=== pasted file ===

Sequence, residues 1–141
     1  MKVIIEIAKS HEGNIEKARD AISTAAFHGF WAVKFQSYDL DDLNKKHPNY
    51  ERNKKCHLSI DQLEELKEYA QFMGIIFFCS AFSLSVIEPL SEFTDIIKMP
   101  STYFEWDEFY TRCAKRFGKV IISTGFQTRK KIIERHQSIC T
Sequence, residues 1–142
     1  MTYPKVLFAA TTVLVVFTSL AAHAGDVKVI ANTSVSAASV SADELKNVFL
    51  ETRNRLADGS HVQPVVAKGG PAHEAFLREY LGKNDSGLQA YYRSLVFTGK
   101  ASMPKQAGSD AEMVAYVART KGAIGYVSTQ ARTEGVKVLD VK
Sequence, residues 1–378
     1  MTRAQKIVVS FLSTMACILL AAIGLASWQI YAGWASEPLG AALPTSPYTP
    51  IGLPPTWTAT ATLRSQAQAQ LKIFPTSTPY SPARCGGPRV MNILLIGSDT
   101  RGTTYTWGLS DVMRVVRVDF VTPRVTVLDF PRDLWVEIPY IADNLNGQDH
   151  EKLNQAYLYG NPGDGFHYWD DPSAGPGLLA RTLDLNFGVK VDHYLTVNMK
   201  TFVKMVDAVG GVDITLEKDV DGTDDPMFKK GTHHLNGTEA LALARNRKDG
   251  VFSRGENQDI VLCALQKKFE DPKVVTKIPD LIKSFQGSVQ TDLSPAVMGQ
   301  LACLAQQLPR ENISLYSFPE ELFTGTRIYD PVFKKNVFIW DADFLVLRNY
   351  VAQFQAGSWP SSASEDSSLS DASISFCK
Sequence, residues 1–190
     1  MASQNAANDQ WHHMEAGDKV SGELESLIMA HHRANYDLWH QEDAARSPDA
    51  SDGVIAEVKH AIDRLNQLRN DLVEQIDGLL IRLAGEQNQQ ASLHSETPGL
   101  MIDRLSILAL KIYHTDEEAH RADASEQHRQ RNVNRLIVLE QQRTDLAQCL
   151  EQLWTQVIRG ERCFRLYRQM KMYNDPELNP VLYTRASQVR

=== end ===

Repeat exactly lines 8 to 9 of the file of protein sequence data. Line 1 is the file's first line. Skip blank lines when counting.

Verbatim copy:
   101  ASMPKQAGSD AEMVAYVART KGAIGYVSTQ ARTEGVKVLD VK
Sequence, residues 1–378